The United States Air Force says its latest Aggressor Squadron’s paint scheme shouldn’t interfere with the stealth qualities of the F-35A Lightning II.
The 65th Aggressor Squadron’s first F-35As are painted in a “splinter” scheme that resembles the camouflage on the Su-57 and J-20, continuing the long-held tradition of current and past aggressor aircraft painted in schemes resembling those of aircraft operated by adversary nations.
“Nellis maintenance personnel applied alternate paint to create the unique camouflage scheme after coordination with the F-35 Joint Program Office,” a Nellis spokesperson said in an emailed response to Air Force Magazine.
“Further testing will be required to discern if there is a difference in the low-observable properties. A standard Air Force aircraft paint was used for the paint scheme, and [Lockheed Martin] engineers approved the use and process of paint application.”
The F-35’s signature dark-grey finish is believed to be the result of low-observable coatings applied to the aircraft to ensure its stealthiness. Similar finishes are believed to be in use with the F-22, while F-16s repainted in the new HAVE CLASS V paint scheme also have a dark grey finish believed to have stealth-enhancing characteristics.
“While the application of the alternate paint is a first, we do not anticipate it will have any adverse impacts on the F-35’s low-observable properties,” the spokesperson told Air Force Magazine. “The alternate paint can be removed at any time to return our aircraft to the original configuration.”
About the 65th AGRS
The U.S. Air Force reactivated its 65th Aggressor Squadron as a dedicated F-35A aggressor unit on the 9 June. The reactivation ceremony was held at Nellis Air Force Base, Nevada, and was attended by Col. Scott Mills, 57th Operations Group commander, and Lt. Col. Brandon Nauta, commanding officer of the newly-activated 65th Aggressor Squadron.
According to the Air Force press release, Air Combat Command commander Gen. Mark Kelly flew his F-15E Strike Eagle against the unit’s first assigned F-35 piloted by, Lt. Col. Brandon Nauta, before the ceremony.
The 65th Aggressor Squadron is one of the three original Aggressor Squadrons that were created by the Aggressor Program, which was established in the 1970s following high loss ratios in aerial combat over Vietnam. Aggressor squadrons were to employ tactics, techniques, and procedures similar to that of the enemy, sometimes even using captured enemy aircraft. Ever since their establishment, the units have provided Dissimilar Air Combat Training (DACT) to thousands of new students.
The 65th AGRS initially flew with the F-5 from 1975 until its deactivation in April 1989. The unit was reactivated in 2005, flying aggressor F-15Cs until being deactivated again in 2014. The new squadron will combine forces with its sister squadron at Nellis AFB, the 64th Aggressor Squadron, which currently flies F-16s. Together, the squadrons will form a formidable training asset for the Air Force and its partners.
The Air Force currently fields two aggressor squadrons, the 64th Aggressor Squadron and 18th Aggressor Squadron, with both squadrons flying fourth-gen F-16s. But with Russia and China beginning to field fifth-gen aircraft such as the Sukhoi Su-57, Chengdu J-20, and Shenyang FC-31, Air Force Aggressor squadrons have had to adapt to the changing environment and provide training against fifth-gen platforms.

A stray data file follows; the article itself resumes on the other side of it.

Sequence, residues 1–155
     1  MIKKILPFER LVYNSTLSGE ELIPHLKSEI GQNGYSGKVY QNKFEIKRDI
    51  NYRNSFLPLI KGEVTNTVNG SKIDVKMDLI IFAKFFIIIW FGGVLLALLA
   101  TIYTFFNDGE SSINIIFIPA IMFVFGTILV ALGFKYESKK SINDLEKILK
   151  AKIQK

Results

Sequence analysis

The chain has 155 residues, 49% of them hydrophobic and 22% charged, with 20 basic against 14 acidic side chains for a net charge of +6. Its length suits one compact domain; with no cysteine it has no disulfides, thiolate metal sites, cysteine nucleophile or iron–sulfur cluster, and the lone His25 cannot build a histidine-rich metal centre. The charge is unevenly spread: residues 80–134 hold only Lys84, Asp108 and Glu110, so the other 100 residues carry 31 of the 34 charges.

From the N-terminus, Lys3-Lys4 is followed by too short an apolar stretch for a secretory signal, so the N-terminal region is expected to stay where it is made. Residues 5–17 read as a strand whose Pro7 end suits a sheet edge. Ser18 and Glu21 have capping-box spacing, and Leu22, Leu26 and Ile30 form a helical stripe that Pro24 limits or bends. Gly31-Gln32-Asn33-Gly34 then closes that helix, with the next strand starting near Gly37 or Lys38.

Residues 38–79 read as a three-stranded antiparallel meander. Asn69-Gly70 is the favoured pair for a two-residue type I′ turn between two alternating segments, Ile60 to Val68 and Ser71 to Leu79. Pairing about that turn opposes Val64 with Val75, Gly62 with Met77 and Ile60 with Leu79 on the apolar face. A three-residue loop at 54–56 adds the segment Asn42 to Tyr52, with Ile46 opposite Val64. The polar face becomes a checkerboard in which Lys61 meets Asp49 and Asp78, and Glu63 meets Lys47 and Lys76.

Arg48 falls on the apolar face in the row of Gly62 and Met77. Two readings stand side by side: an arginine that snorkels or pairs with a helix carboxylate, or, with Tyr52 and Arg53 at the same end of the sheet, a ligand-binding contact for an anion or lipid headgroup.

While the stand-up of a dedicated fifth-gen aggressor is a major step by the Air Force to address this growing need, many recent exercises such as RED FLAG and Northern Edge involved F-22s and F-35s playing an aggressor role.
Focus on China
During the reactivation ceremony Lt. col. Brandon brought up the importance of the unit when it comes to facing the People’s Liberation Army Air Force (PLAAF). “Due to the growing threat posed by PRC fifth- and sixth-gen fighter development, we must use a portion of our daily fifth-generation aircraft today at Langley, Elmendorf, Hill, Eielson, and now Nellis, to replicate adversary fifth-generation capabilities,” commander of Air Combat Command Gen. Mark D. Kelly said. “Precisely because we have this credible threat, when we do replicate a fifth-gen adversary, it has to be done professionally. That’s the Aggressors.”
The emphasis on the PLAAF is rightly placed, as it’s believed that the PLAAF currently fields the second-largest number of fifth-gen airframes, second only to the USAF. It has stood up one J-20 Air Brigade in all five-theater commands as well as two training brigades. Each Air Brigade has 30 airframes when fully equipped, this would put the number of J-20s at 150 when these brigades are fully equipped.
However, current analysis indicates that not all of the brigades are fully equipped, as such the number of J-20s that have been Identified stands at slightly near 100. Nonetheless, the number of J-20s produced and fielded is higher than Russia’s four production specification Su-57s.
The reactivation of the 65th AS is a monumental event for the Air Force and highlights Washington’s growing reorientation to the Pacific theater. The squadron itself is part of a wider effort to step up training in the Air Force by using more capable systems that can better replicate adversary systems.